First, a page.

We live in a day where everybody seems to have problems constantly. I often feel like I am surrounded by people saying, “I do not know how to adult,” while I am sitting at my desk thinking, “Well, I do.” Sure, some of this is just a Western cultured joke, but the underlying problem behind such statements is that people have issues. The reality is that, while such a statement might be exaggerated, there is some truth to it. Many people alive today are riddled with existential crises, which they bury with work and pleasure, while others make light of it with jokes. A lot of people genuinely do not have their lives together because they have problems. They are falling through the air without a parachute, and they will hit the ground and lose everything one day. But such people can still find a lifeline before everything comes crashing to the ground.

On the other hand, we may have order and structure, but we will still have problems despite keeping our lives together. Cars will break down, children will get sick, and money will be lost to poor investments. Whatever we do, big and small problems will always confront us. We do all we can to avoid problems, but “Oops,” something happened, and now there is another thing to sort out.

We often fail to realize that our problems generally stem from one major reality. We are sinners. So, if we are sinners and sin brings us problems, then surely if we can resolve the problem of sin, then we will have the resolution to all our problems? Is this possible?

The truth behind all of this is that we have been given all of the spiritual resources necessary to overcome our life problems. We can learn how to “adult.” We can overcome depression and anxiety. We can even find meaning in the monotones and inconsistencies of life. We just need to learn to instinctively turn to the rich resources we have in reading God’s Word and prayer. As we do so, our hearts will be filled with eternity, drawing a sweet line of hope right through all the problems of life.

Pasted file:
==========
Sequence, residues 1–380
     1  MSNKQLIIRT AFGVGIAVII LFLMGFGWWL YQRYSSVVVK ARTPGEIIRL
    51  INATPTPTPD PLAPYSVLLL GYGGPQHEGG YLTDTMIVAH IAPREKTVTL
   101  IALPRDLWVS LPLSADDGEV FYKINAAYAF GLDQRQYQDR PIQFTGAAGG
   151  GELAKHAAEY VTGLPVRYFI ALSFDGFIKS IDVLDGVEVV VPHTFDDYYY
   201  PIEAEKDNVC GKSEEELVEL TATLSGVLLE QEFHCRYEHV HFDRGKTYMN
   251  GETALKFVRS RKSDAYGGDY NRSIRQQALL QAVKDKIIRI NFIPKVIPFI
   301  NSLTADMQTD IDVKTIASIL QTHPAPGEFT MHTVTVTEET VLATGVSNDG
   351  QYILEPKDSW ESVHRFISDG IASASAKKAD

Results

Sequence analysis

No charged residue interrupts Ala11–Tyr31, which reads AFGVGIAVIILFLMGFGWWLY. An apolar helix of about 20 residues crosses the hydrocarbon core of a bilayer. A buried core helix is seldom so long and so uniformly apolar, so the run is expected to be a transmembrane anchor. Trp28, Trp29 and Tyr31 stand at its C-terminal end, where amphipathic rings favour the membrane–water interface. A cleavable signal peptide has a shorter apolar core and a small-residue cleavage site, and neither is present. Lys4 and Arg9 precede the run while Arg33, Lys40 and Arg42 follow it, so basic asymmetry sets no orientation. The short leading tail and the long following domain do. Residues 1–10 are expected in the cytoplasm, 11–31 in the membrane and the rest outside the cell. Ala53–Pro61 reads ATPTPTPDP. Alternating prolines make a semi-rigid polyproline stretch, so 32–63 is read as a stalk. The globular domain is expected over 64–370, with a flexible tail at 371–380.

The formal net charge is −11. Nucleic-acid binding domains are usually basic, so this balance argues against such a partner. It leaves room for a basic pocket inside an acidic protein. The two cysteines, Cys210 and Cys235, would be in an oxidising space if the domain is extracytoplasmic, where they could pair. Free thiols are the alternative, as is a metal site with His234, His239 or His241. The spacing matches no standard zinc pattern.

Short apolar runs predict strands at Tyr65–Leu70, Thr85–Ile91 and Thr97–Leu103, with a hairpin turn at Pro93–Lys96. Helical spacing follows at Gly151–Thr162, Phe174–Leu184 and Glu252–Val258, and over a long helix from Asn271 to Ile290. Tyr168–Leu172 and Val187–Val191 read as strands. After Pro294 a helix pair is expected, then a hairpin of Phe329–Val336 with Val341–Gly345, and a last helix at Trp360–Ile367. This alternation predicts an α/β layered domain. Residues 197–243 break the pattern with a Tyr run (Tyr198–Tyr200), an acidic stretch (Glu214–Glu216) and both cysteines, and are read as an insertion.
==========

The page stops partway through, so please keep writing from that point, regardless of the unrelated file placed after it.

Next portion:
We learn in 2 Timothy 3:16 that Scripture is sufficient for all of our spiritual needs. We can turn to the Bible when we have problems in life because the Bible is written to help us know how to live. This does not mean that the Bible will directly speak into your exact circumstances, but it will have something to say (in general) about your situation.

Unfortunately, the Bible is one of the last places people go for help today. Instead of reading God’s own advice, Christians turn to the world for help. Secular psychology is seen as a better way to cure depression, anxiety, and all manner of emotional problems. We have taught ourselves that the problem is in our brains instead of in our hearts.

Jeremiah 17:9 tells us that: “The heart is deceitful above all things, and desperately sick; who can understand it?” This being true means that our deceitful hearts have convinced us that the heart itself is not the problem but the brain. Well, the brain is just a mass of cells and chemicals. Your heart (in the biblical sense) is your emotional response center. How you respond to anything in life is the outflow out of your heart.

We cannot turn to psychologists to heal our hearts. Only God can do that. He does this by replacing our hearts of stone with hearts of flesh (Ez. 36:26). When He does this, He gives us new life (Jn. 3:1-15) and expects us to live according to His ways. How do we know His ways? His ways are revealed in the Bible. Why, then, are we quick to neglect the Bible when we have problems? The Bible is sufficient to speak to our heart problems.